This article first appeared on radicalcompliance.com February 20th, 2023.
Today we are going to keep looking at artificial intelligence and how corporations can get ahead of the risks thereof. Our previous post on AI was primarily a list of potential risks that could run rings around your company if you’re not careful; so what steps can the board and senior executives take to prevent all that?
Well, first things first. AI is a new technology. So the first question governance and risk assurance teams should ask themselves is simply: how did you manage the adoption of new technologies in the past?
Plenty of people will answer, “Poorly,” or “I don’t know” or some similar answer. Those answers actually demonstrate an important point. Lots of previous technologies were adopted haphazardly by employees first; and then senior management woke up to the need for committees and workstreams and SWOT analyses and all that fun stuff.
The goal today is to avoid a repeat of that dynamic — and the person who can help the board and senior management avoid it will be a valuable person indeed. So where can risk, audit, and compliance professionals turn for advice, and how can you put that advice to work in your own company?
Enter the risk management frameworks.
The most notable AI risk management framework right now comes from NIST, which released a voluntary, Version 1.0 framework for artificial intelligence in January. In fact, however, a few other AI frameworks are already out there:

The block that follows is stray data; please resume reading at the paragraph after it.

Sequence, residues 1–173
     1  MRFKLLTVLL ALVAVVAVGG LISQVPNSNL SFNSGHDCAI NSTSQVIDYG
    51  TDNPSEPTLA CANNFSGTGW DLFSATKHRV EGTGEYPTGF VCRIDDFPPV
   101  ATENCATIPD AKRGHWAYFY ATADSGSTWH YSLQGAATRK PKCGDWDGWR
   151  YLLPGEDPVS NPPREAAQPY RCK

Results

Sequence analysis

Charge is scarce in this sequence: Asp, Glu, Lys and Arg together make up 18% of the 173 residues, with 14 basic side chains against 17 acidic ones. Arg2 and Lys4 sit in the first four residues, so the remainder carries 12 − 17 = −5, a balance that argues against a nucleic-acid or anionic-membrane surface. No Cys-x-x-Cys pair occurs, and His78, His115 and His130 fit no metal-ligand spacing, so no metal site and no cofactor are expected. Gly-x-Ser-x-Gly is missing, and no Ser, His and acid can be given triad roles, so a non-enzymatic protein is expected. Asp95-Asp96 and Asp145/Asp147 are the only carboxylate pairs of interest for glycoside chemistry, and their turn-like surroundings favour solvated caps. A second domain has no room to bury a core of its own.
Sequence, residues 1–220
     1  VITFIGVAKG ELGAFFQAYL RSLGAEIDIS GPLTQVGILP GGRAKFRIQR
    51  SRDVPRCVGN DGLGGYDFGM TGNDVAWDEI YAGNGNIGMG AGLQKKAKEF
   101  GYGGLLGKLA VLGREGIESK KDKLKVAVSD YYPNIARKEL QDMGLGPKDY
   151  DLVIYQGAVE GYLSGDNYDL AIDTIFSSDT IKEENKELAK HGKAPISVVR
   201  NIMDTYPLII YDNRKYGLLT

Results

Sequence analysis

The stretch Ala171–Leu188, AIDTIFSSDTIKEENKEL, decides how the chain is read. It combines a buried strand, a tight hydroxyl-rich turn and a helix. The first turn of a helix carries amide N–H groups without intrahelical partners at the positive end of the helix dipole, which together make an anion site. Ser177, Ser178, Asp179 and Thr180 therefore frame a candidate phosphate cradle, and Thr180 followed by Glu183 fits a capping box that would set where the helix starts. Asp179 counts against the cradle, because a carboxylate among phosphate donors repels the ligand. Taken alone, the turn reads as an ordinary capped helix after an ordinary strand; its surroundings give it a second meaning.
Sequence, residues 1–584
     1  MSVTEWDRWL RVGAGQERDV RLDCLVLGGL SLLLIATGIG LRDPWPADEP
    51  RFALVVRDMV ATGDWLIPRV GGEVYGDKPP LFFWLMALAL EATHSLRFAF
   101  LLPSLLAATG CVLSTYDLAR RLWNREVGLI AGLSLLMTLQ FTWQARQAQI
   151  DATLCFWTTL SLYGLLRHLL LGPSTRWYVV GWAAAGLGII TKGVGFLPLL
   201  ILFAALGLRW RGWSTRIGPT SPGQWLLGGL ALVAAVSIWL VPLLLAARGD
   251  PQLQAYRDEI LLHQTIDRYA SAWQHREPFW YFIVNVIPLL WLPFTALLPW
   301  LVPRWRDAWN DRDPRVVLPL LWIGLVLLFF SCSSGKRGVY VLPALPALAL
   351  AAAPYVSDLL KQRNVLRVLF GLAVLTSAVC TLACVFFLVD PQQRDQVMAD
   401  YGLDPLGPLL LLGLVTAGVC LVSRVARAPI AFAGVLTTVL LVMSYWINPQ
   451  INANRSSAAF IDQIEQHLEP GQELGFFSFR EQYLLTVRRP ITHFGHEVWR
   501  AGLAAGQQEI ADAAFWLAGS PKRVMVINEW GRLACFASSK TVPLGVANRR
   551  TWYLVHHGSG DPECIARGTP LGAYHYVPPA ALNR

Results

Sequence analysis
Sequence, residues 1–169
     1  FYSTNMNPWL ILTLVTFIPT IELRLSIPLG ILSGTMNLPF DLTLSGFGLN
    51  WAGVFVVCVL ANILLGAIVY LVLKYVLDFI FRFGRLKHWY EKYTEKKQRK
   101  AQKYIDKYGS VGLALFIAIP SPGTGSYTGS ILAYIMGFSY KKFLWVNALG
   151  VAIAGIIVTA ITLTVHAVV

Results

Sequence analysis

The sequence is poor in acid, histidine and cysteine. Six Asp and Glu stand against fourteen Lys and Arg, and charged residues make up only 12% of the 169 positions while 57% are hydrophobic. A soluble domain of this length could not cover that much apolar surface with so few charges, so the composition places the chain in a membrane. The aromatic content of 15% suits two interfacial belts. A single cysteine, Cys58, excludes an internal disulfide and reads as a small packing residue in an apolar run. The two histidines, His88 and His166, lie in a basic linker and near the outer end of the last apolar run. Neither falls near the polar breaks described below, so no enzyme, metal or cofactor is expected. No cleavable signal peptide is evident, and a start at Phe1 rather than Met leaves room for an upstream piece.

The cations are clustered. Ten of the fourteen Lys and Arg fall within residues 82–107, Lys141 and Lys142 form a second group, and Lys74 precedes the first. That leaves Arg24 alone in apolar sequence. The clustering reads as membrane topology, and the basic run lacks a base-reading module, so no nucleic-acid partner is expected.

- COSO released guidance in 2021 to apply its enterprise risk management framework specifically to AI;
- That COSO guidance was partially derived from the Trustworthy AI framework developed by Deloitte;
- Microsoft publishes a list of Responsible AI Principles, and since Microsoft is bankrolling ChatGPT, the principles it’s following are worth a look;
- Google has its own set of Responsible AI Practices;
- The Partnership on AI, funded by a consortium of tech interests, lists several broad tenets for AI development and use (although it’s a little light on risk management practices).
From the above list, the NIST and COSO frameworks are the most useful for compliance and audit executives because they are true risk management tools that help you understand how to implement AI at an actual corporation. The others are worth reading, but they’re more a collection of good ideas for how AI should work, or pitfalls of bad AI that you want to avoid. That’s nice, but someone still needs to put structure and discipline around all that awareness; COSO and NIST help you do that.
Mapping Out AI Risks
I don’t know about you, but one thing that intimidates me about AI is the sheer number of issues that it poses to corporations. This isn’t like switching from Oracle to SAP to run your business systems, or moving from an in-house email system to one managed by GMail. Those business processes are already mature and well-understood; you’re simply switching around the technology that the humans use to run those systems.
Artificial intelligence will let corporations design entirely new business processes. It’s more akin to the adoption of cloud computing or the arrival of mobile devices. It will allow you to set new strategic goals, change your financial targets, and redefine your human capital needs. That said, AI will also change how your company interacts with customers, employees, and third parties — which, in turn, will create new operational and compliance risks.